Traffic has been reduced on most roads, and a study by King’s College London found five-year-olds in the borough will enjoy longer lives thanks to improvements in air quality linked to the council’s work.

Faster, cheaper retrofits

Energy used in homes is responsible for about 14% of the UK’s CO2 emissions – and many of these buildings are woefully inefficient. The cost of inefficiency goes beyond higher emissions: people are putting up with cold, damp homes and paying higher energy bills than they should.

Retrofit solutions that can work quickly at scale are crucial. One great example is the Energiesprong system, imported to the UK from the Netherlands, which allows the whole-house retrofit of multiple properties (typically social housing) at once. New walls and roofs are manufactured off-site and delivered with doors and windows already in place. These sections are then fitted around the existing house.

Energiesprong promises a 30-year energy performance guarantee and delivers impressive results. The first scheme in Nottingham has triggered an 86% reduction in CO2 emissions.

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For a high-tech, low-fuss retrofit solution, take a peak at Q-Bot, a robot that sprays insulating foam under floors.

Q-Bot lowers energy bills by an average of £150 a year. As there’s no need to take up the entire floor, the time to complete under-floor insulation in one property is cut from weeks to days.

The company estimates its robot could boost warmth and reduce emissions in 8 million properties in the UK.

Sustainable schools can also help us hit net zero. There are more than 100,000 school buildings in the UK, many of which are hugely inefficient. Tackling this challenge would cut emissions and help inspire young people, who are already demanding action through school climate strikes and other activism.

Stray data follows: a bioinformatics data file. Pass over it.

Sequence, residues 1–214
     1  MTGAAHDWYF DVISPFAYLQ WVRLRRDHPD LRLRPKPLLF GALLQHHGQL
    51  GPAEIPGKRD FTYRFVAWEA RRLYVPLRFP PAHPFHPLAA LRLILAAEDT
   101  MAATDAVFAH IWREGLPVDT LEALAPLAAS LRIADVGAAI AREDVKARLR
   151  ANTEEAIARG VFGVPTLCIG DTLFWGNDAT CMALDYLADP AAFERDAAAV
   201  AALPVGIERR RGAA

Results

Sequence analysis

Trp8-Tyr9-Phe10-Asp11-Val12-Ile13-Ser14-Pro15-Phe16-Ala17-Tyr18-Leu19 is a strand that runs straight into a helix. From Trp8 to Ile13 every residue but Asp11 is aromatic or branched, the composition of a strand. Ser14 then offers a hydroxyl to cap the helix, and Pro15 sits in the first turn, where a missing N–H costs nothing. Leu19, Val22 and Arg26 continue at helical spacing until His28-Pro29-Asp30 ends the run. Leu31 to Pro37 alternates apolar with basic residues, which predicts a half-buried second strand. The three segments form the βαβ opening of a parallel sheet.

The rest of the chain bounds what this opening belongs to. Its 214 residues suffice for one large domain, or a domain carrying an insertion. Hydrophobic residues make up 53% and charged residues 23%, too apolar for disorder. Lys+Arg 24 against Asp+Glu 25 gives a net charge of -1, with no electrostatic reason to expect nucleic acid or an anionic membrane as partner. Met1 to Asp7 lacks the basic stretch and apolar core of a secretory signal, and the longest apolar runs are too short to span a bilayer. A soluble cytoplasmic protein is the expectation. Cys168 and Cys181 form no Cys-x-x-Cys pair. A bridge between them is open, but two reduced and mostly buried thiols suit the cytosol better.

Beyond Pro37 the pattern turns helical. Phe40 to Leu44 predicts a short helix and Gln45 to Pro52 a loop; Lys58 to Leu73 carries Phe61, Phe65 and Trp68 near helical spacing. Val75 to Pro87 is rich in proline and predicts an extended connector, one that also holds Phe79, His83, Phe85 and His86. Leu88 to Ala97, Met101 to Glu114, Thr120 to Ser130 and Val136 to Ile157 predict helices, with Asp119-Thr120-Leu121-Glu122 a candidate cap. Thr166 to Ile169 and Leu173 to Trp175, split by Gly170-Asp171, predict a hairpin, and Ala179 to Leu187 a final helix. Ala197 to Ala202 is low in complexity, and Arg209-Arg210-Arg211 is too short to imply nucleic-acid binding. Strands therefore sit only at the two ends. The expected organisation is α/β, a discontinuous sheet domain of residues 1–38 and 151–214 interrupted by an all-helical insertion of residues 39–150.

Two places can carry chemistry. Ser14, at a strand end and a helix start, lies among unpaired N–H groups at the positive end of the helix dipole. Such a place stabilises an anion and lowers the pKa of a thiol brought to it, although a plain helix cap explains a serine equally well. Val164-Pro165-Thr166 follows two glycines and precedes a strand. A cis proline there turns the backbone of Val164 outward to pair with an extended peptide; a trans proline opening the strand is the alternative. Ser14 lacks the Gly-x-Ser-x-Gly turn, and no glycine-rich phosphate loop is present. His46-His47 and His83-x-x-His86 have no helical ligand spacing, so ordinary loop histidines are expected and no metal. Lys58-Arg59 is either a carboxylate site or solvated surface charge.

Actions with many other benefits

The key to winning public support for climate action may lie in the “co-benefits” – the additional wins that come with reducing emissions. These include cleaner air and better health, warmer housing, new jobs and more pleasant, safer travel.

Take London’s Repowering – an organisation that installs community-owned renewable power stations on social housing blocks and community buildings in London. Repowering’s holistic approach lowers emissions, tackles fuel poverty and creates mentoring opportunities for young people.

There are more great examples across the UK – from the scheme in Birmingham helping black and minority ethnic communities get into cycling, to a partnership tackling fuel poverty in Blackpool. Such organisations are engaging and involving communities – and so winning their support.

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As awareness spreads and people see these benefits for themselves, public support for climate action will grow still further. This virtuous circle can help us pick up the pace and create new opportunities. At Ashden, we’ve seen the positive response to our free climate co-benefits toolkit, full of practical examples and case studies.

Ecosystems of innovation

We will need all the solutions above and many more as we take on the climate emergency.

Luckily, the innovation we need is out there. Ashden will be showcasing top innovators throughout the year as we build up to Glasgow – in particular, at a solutions hub set to take place during London Climate Action Week in June. Let’s make solutions the bedrock of our efforts at COP26 and every crucial moment of this climate decade.